What is an opioid?
If you’ve ever had a surgery or a painful condition that required hospitalization, then you’ve probably been given opioid medication. The opioid family is the most commonly prescribed medication for analgesia.
There are many different opioid drugs, though they all function in a similar manner. Today we’re going to explain exactly what opioids are, how they work, and the kind of precautions that you’ll need to take when using opioid pain medication.
So what are opioids, exactly?
Opioids are, in essence, any drug that activates the opioid receptors in the brain. Activating these receptors results in an effect similar to that of morphine, which is the most commonly used pain medication for hospitalized patients.
Opioids are generally compared to morphine, and are known as such, because morphine was the first chemical extracted from the opium poppy. Opium itself has been used for thousands of years, but it was only in the 19th century that morphine, one of the most potent constituents of opium, was extracted and synthesized.
Since then, many other opioids have been synthesized and discovered. They include, among others, fentanyl, oxycodone, the illegal street drug heroin, and many more, including some of the drugs that are used for helping ease people off of illegal opiates, such as methadone and suboxone.
How do opioids work?
Opioids work through direct stimulation of opioid receptors in the brain and body. Some opiates, such as loperamide (Imodium) can't cross the blood-brain barrier, and thus only produce effects in the body. Other drugs, like heroin, are much better at crossing the blood-brain barrier, and are capable of producing very strong effects.
There are several main receptor sets that classify as opioid receptors, but the most significant opioid receptor in regards to medical usage is the mu opioid receptor. Stimulation of this receptor produces intense analgesia, euphoria, relaxation, anxiolysis, as well as some adverse side effects such as drowsiness, dizziness, and constipation.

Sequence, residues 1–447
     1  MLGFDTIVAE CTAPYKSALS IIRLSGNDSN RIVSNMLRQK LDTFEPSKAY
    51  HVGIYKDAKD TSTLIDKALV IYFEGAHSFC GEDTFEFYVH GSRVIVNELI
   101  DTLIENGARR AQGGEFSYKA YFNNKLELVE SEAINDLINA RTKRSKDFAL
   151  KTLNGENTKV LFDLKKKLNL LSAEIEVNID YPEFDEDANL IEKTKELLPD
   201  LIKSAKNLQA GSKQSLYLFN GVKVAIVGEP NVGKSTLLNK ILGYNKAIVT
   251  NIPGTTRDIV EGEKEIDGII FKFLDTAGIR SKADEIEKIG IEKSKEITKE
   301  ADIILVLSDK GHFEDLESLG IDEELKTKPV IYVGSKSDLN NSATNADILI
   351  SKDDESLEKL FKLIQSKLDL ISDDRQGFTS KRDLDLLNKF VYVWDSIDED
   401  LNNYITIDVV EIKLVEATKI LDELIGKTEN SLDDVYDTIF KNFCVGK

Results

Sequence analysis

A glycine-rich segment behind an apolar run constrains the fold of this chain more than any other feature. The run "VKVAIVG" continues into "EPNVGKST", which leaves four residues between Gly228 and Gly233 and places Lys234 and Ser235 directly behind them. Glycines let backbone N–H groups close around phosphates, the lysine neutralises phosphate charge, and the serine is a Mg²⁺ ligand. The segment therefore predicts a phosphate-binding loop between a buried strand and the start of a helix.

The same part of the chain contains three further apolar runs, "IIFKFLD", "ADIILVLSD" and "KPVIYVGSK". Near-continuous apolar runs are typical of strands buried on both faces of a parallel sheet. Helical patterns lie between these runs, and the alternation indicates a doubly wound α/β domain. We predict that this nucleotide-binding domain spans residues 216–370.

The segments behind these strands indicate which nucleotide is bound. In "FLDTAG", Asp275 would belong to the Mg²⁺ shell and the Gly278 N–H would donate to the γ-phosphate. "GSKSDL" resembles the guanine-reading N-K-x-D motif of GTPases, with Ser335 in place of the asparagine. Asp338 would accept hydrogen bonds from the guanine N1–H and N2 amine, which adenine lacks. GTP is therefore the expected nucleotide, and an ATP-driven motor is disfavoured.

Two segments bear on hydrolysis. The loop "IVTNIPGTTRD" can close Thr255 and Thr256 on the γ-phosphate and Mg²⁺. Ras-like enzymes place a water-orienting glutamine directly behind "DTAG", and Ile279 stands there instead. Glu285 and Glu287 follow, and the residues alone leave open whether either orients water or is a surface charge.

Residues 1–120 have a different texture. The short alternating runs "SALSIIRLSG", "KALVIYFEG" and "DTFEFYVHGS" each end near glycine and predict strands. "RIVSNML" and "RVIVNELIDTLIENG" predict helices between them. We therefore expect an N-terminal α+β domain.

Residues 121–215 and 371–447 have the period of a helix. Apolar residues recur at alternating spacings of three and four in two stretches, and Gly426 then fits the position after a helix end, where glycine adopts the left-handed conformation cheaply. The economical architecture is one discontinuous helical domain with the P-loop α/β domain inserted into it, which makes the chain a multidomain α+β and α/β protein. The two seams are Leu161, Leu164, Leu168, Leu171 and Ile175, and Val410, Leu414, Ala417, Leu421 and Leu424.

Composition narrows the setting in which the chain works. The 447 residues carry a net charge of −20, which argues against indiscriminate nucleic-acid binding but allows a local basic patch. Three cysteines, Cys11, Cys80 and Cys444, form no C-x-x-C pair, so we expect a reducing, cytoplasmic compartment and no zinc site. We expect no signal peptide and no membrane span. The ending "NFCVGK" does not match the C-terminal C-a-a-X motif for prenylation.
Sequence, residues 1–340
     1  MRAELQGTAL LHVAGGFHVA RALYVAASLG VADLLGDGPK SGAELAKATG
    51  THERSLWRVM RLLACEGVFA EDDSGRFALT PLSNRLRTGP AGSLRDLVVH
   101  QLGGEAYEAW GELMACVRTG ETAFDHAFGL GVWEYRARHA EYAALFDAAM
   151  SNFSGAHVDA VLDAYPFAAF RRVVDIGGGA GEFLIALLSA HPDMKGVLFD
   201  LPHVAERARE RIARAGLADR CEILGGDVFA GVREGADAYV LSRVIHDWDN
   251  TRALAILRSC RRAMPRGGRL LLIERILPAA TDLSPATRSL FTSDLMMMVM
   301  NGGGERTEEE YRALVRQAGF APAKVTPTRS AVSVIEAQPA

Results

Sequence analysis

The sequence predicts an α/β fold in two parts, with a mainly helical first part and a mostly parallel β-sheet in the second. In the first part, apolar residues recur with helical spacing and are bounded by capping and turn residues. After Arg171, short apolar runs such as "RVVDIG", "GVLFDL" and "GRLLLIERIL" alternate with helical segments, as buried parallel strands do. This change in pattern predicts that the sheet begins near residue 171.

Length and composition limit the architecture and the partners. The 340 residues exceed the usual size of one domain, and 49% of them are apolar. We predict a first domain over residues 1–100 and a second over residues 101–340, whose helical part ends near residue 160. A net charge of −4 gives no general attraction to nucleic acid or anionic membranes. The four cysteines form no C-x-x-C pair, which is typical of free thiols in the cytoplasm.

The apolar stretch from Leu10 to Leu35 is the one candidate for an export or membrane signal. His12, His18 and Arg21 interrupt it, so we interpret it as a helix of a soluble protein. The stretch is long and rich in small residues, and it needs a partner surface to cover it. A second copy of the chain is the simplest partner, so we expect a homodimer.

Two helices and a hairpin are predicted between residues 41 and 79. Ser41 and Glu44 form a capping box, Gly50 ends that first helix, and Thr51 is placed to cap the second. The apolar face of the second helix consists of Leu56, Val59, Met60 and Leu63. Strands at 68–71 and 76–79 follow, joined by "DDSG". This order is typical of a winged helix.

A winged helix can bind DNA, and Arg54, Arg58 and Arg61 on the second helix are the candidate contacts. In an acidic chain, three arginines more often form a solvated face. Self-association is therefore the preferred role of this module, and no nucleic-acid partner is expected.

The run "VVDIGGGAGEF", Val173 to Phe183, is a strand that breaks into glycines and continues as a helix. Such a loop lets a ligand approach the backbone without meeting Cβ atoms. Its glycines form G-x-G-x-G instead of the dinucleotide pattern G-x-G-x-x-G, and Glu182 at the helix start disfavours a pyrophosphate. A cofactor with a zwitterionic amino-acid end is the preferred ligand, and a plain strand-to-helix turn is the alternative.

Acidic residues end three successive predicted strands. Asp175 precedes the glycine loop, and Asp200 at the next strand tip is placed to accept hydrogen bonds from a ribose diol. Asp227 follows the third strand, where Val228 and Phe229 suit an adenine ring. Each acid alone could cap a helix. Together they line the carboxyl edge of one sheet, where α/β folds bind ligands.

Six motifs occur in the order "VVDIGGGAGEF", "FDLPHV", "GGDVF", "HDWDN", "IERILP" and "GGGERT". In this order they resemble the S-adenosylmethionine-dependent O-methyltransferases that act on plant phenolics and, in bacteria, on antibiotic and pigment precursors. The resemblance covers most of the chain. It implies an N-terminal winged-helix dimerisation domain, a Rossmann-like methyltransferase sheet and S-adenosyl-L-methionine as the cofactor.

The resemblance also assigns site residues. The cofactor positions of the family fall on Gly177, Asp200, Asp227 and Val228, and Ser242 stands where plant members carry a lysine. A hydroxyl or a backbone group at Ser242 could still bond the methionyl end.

There are two main classes of opioids:
- Opioid agonists are opioid drugs that agonize, or activate the opioid receptors. These are the drugs that are used in clinical settings for analgesia. They’re also capable of producing intense states of addiction and dependency, and should be avoided unless absolutely necessary and at the discretion of your doctor.
- Opioid antagonists are opioid drugs that do the opposite of agonist, and deactivate the opioid receptors. These include drugs like naloxone, which is used to counteract opioid overdose.
What dangers are associated with opioid use?
While it’s well-established that opioids are powerful medications that have a lot of practical use in clinical settings, they can also be extremely dangerous. Using opioids, regardless of whether or not you’re under the supervision of a medical practitioner, can result in many drastic, unwanted side effects or other unpleasant situations.
Opioid dependency and tolerance
Opioid dependency occurs when users begin to experience increases in tolerance. Tolerance to a drug means that the user requires more and more of the drug to experience the same effects. In the case of drugs that are physically addicting, like opioids, this can lead to dependence and serious addiction.